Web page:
With the help of contemporary records it is possible to identify some of the early traders at the Mouth of the Verdigris. Even before the Louisiana Purchase, hardy French adventurers ascended the Arkansas in their little boats, hunting, trapping, and trading with the Indians, and recorded their presence if not their identity in the nomenclature of the adjacent country and streams, now sadly corrupted by their English-speaking successors.1
French Influence in Arkansas
One of the first of the French traders up the Arkansas whose name has been recorded was Joseph Bogy, an early resident of the old French town, Arkansas Post, from which point he traded with the Osage Indians in the vicinity of the Three Forks. On one of his expeditions he had ascended the Arkansas with a boatload of merchandise, to trade to the Osage near the mouth of the Verdigris. There on the seventh of January, 1807, he was attacked and robbed of all his goods by a large band of Choctaw Indians under the famous chief, Pushmataha.2 When charged with the offense, Pushmataha admitted it and justified the robbery on the ground that they were at war with the Osage, against whom they were proceeding at the time; and that as Bogy was trading with their enemies, he was a proper subject for reprisal. Bogy laid a claim before the Government for nine thousand dollars damages against the Choctaw, based on the protection guaranteed by his trader’s license. This claim was pending until after 1835, before it was allowed. Among the interesting papers in connection with the claim, is Bogy’s report of having met on his ascent of the Arkansas Lieutenant Wilkinson, who had recently parted from Captain Pike. “But sir, suppose the same Indians (the Choctaws), who fell upon me and plundered my property, had fallen in with Lieutenant Wilkinson, whom I met a few days before, and not far from the place of depredation, (who had parted on the Arkansas with my then brave friend, but now lamented Pike), while he was coming down the river, with but few men, destitute of everything, and whom I furnished with such provisions and ammunitions as it was in my power, suppose the same Indians, I say, had fallen upon him, plundered him and his men… would the Government have interfered in their behalf?”3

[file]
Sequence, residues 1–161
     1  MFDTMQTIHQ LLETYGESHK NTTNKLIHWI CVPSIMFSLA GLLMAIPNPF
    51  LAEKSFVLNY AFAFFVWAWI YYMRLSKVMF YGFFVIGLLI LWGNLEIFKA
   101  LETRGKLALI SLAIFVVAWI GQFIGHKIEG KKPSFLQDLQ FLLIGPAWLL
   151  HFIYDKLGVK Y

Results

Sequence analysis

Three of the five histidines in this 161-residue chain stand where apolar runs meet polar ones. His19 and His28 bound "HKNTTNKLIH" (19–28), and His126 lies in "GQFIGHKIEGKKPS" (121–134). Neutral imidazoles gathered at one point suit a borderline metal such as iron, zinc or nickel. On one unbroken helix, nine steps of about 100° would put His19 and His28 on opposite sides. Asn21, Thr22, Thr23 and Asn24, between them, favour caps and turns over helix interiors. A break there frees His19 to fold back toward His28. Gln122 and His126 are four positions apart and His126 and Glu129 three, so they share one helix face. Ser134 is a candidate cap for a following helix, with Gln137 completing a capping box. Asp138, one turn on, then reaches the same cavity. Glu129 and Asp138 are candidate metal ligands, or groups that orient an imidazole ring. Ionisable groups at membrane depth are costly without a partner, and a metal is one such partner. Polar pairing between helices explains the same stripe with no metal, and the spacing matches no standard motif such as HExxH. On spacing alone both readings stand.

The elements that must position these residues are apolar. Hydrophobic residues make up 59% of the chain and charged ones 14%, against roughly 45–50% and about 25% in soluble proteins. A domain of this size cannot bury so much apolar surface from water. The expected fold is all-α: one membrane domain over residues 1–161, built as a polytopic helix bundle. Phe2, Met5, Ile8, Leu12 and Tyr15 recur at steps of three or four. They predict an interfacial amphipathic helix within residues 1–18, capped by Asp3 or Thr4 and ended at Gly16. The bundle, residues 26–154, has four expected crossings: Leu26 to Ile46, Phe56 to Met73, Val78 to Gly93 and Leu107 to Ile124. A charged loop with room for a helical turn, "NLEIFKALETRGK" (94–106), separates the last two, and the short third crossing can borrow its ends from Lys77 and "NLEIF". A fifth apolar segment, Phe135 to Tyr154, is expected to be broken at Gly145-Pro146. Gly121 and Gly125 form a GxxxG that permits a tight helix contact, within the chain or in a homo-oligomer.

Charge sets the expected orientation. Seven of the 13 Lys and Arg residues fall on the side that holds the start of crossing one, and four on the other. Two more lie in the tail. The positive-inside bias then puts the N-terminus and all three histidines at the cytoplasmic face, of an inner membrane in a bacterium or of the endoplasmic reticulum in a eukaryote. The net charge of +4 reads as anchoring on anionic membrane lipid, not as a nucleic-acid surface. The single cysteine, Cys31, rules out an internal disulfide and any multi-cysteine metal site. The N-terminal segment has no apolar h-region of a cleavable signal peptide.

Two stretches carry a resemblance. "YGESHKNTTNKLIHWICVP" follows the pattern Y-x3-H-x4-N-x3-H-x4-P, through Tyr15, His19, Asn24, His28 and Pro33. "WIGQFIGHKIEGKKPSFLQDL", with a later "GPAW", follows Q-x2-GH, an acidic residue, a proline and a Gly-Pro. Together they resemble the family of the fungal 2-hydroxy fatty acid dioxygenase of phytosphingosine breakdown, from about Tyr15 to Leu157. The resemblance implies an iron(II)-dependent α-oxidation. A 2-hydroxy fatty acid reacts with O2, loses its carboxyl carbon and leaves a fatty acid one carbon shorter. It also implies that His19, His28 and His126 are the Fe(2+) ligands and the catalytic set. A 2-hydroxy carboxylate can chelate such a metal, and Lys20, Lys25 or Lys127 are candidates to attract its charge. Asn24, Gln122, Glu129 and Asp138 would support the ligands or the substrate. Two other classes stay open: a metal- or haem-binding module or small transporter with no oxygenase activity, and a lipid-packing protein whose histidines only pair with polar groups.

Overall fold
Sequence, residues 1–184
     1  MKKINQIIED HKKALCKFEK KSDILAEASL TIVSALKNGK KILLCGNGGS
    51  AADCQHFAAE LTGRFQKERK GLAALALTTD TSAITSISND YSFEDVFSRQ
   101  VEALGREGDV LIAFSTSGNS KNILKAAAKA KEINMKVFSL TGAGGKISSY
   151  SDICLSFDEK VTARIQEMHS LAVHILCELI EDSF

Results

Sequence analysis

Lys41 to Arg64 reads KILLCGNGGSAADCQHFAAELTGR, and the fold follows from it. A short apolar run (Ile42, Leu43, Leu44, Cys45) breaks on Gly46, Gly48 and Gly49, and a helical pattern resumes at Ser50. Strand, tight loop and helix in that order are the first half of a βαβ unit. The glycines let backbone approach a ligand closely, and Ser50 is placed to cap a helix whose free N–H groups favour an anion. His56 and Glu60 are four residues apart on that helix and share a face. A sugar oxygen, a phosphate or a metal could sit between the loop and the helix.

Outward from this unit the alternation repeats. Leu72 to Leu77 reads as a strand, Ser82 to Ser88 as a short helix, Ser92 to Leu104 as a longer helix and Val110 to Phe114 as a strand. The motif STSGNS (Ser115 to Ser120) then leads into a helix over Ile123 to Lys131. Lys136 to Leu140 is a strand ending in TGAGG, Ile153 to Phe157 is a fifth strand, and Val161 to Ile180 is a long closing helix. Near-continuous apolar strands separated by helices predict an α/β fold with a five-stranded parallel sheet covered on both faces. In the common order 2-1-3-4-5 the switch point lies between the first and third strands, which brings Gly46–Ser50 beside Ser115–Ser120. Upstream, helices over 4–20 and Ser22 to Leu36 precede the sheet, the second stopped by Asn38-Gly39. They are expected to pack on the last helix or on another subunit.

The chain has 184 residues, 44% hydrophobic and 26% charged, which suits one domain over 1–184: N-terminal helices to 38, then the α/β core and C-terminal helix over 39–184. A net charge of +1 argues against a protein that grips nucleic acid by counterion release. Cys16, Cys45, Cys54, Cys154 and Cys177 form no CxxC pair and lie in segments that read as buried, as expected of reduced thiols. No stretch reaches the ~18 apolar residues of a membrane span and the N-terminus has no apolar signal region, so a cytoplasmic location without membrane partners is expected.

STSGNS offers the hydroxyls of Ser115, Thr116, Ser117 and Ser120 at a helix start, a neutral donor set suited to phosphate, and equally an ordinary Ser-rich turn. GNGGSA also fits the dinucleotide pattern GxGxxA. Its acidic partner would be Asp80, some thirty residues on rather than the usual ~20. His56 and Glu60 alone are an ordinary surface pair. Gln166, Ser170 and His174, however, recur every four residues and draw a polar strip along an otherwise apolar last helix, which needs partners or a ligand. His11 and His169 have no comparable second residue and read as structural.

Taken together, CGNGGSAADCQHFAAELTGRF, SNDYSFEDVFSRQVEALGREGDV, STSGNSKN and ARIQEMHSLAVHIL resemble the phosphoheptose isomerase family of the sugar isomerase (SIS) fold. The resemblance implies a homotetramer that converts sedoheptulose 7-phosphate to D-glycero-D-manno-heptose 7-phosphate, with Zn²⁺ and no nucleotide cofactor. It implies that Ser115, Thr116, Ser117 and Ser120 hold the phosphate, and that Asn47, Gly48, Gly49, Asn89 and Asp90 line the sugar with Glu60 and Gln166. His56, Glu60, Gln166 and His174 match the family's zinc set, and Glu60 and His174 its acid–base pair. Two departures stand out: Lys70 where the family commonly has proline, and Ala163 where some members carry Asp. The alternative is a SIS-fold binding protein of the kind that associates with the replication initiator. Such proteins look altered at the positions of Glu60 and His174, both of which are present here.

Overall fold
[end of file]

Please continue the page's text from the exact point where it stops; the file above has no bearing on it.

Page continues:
Bogy continued to trade at the mouth of the Verdigris for many years; Nuttall traveled from Fort Smith to the Verdigris in Bogy’s boat, and on July 14, 1819, entered “The Verdigris, where Mr. Bougie and Mr. Prior had their trading houses.” When Nuttall returned to the mouth of the Verdigris, desperately sick from his prairie expedition, he remained a week under the hospitable roof of Mr. Bogy at the trading post, while he gained sufficient strength to descend the Arkansas.4
In the summer of 1812 a trading party under the leadership of Alexander McFarland left Cadron on the Arkansas to trade with the Indians on upper Red River for their horses and mules.5 Though they endeavored to avoid the Osage Indians, the latter entered their camp near the Wichita villages, August 13, and killed McFarland while his companions were absent. Subsequently, in 1813, a claim was filed with the government by the widow, Lydia McFarland, for the loss of her husband and his property. In 1814 depositions were given by John Lemmons, who was with McFarland’s party, by William Ingles, Robert Kuyrkendall and Benjamin Murphy. The latter three stated that in October 1812 they were at the mouth of the Verdigris, where the Osage had collected to trade and there were present the band of Osage who had just returned from Red River bearing with them some of the property taken from McFarland. The Cherokee Chief Tallantusky was there in quest of merchandise he had confided to McFarland for trade to the western Indians. Recognizing in the possession of the Osage some of his property including two short swords, he demanded their possession and the Osage gave them up and through Ingles as interpreter admitted to Tallantusky that they had killed and robbed McFarland. From this it appears that there were traders at the mouth of the Verdigris as early as 1812.